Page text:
How I Use Confluence Questions to Write Blog Posts

Posted by Bill Cushard on September 18, 2014

by Bill Cushard (@BillCush)

Confluence QuestionsWhen you begin to learn about Confluence Questions, you learn that you can use it to extract knowledge, crowdsource answers, learn forever, and identify experts. Those are nice, broad abstracts that cover the necessary "future of work," collaboration, and knowledge management buzz words. They do grab one's attention because leaders of organizations all over the world are struggling with issues of improving teamwork, collaboration, and performance. And these phrases are meant to solve these abstract problems, but most managers have concrete problems to solve. Problems like finding someone with specific expertise to staff a client project or getting help finishing a report or brainstorming ideas for a new HR policy.

So, when you learn about Confluence Questions, you still might ask yourself, "OK, so how is it really going to help my teams and is it worth the investment?" It is an important question. There are many ways to answer it, and Confluence Questions can be used in so many ways that it can be difficult to understand how you can use it in your organization. I want to answer this question by sharing with you specifically how I have used Confluence Question to get actual work done. I believe that if you can see how actual work gets done, with a specific example, even if it is not the exact type of work that you need to get done in your company, that you will visualize how your teams can get their actual work done using Confluence Questions.

Screen Shot 2014-09-18 at 9.56.36 AM

Getting Work Done

So here goes. I have used Confluence Questions to:

  1. Create an industry certification exam for a client project. Yes, actual exam questions with code snippets.
  2. Develop training course content
  3. Write blog posts, ebooks, and white papers
  4. Learn about features in JIRA and Confluence

I know. That is a nice list, but I want to get even more specific and explain how I wrote a blog post that appeared on the ServiceRocket blog on August 12, 2014 called The 5 Best SLA Metrics of High Performing Service Desks.

Here was the exact question I posed in Confluence Questions:

What are the Top 5 SLAs that Help Desks Should Use?
I am writing a blog post related to JIRA Service Desk. I want to educate people on the best SLAs to use. What they are, why they are important, and examples of each. What are the best SLAs you know?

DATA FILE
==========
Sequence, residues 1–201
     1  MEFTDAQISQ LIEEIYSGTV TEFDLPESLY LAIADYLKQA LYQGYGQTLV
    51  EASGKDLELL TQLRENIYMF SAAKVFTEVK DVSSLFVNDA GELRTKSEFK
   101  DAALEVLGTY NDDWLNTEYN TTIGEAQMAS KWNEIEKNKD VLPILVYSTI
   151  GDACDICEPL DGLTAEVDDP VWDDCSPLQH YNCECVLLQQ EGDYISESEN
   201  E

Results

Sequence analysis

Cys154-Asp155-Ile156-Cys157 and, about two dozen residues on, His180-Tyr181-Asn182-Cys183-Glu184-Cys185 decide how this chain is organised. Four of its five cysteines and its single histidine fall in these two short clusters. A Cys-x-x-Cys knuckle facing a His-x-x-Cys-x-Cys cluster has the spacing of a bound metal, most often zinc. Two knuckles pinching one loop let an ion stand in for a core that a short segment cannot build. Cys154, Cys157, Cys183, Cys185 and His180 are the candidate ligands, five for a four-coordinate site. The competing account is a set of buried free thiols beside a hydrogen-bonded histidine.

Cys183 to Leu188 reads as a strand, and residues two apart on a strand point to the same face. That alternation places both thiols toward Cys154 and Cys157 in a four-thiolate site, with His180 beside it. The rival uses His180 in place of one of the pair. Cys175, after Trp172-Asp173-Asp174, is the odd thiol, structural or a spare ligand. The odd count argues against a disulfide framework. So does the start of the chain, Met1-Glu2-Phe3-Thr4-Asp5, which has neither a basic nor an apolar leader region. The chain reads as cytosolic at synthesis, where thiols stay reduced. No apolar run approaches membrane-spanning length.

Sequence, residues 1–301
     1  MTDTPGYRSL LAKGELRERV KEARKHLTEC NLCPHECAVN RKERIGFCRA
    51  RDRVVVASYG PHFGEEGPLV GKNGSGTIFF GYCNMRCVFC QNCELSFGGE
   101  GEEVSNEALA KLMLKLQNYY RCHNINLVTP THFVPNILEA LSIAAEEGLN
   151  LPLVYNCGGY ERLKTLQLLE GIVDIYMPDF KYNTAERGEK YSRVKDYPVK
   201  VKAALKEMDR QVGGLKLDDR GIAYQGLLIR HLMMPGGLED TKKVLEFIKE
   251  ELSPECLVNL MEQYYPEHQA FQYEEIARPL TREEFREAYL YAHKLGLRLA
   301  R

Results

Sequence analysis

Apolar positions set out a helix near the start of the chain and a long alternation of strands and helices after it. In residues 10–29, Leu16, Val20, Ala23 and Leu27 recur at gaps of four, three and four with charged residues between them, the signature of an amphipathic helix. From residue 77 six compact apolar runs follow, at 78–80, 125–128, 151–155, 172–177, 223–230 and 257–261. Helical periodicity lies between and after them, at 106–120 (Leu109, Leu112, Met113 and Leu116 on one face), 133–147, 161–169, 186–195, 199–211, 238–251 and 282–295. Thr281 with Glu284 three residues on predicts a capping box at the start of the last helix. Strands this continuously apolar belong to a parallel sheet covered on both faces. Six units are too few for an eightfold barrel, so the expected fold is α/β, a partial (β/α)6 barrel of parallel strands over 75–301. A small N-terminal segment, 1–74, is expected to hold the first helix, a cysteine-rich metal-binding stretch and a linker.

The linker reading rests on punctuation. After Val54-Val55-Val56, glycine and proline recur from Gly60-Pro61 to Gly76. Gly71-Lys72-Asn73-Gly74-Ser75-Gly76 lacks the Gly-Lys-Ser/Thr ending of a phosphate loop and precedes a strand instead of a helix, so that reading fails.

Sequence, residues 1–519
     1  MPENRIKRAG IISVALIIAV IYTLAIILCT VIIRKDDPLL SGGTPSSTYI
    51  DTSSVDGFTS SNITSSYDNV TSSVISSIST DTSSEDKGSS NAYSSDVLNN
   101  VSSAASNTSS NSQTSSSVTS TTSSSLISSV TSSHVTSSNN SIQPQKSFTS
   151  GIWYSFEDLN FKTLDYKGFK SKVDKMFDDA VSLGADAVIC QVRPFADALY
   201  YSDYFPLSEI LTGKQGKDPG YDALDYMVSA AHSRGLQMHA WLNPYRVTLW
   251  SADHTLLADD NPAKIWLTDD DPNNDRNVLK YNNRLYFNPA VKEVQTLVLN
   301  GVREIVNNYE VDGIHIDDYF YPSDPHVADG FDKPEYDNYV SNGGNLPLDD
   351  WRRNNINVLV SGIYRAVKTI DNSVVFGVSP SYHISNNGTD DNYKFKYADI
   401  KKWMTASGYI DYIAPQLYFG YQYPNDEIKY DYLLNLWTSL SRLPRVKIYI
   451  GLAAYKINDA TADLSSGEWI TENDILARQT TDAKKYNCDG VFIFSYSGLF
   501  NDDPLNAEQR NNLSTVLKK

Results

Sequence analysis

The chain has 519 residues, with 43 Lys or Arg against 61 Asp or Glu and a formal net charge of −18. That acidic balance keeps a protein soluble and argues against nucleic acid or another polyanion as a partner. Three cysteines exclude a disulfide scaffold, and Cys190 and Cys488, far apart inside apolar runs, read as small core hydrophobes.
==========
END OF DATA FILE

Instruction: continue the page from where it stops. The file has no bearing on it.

Here is what happened next:

  • I received six unique responses. Each response had multiple SLA metrics with explanations of why each could be chosen.
  • I asked the question on July 28 and all of the answers came in on July 28, except one which was on July 29.
  • Four responses came from our Sydney office, one from Kuala Lumpur, and one from Palo Alto.
  • Responses averaged 166 words. In other words, these were not just bullet lists of 5 SLAs. People wrote explanations.
  • There was debate. Responses mentioned other responses. Saying things like, "I agree with Carol on her point about first call resolution, but you need to be careful when measuring....."

This shows a picture of the level of participation I received and the quality of the content, I could use for my blog post.

Assembling Responses into a Blog Post

confluence questionsAs I read through the responses, I was able to easily see overlapping themes on three of the SLA, so I knew those three for sure would be in the blog post. The rest were more scattered, so I had to use some judgement about the remaining two SLA metrics to include in the post. Either way, there was enough content in these responses to write a blog post quite easily. The draft was completed on Friday, August 1 with less than one hour of solid writing and editing. The blog was published on August 12. This is not a bad result to have a blog post go from idea to published in two weeks.


answerI am fortunate to work in an organization where people help out like this. Perhaps these people would have helped even if we did not have Confluence Questions. However, I would not have been able to collect answers from people all over the world who had expertise like this without Confluence Questions. Confluence Questions helped me write a quality blog post and meet a deadline. How much more specific of an example do you need?


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Call for Comments
  1. I have just given an example of how I used Confluence Questions to get a very specific piece of work done: a blog post for the ServiceRocket Blog. What ideas does this give you for how you can use Confluence Questions in your organization?
  2. If you are still not convinced that Confluence Questions can help your organization get more work done, what are your objections? What makes you say, "I am not sure that will work in my company?"
  3. Are you working this way already? If so, how do you do it? What tools do you use? How do you foster a collaborative culture?

Topics: Confluence Tips, Atlassian, Confluence

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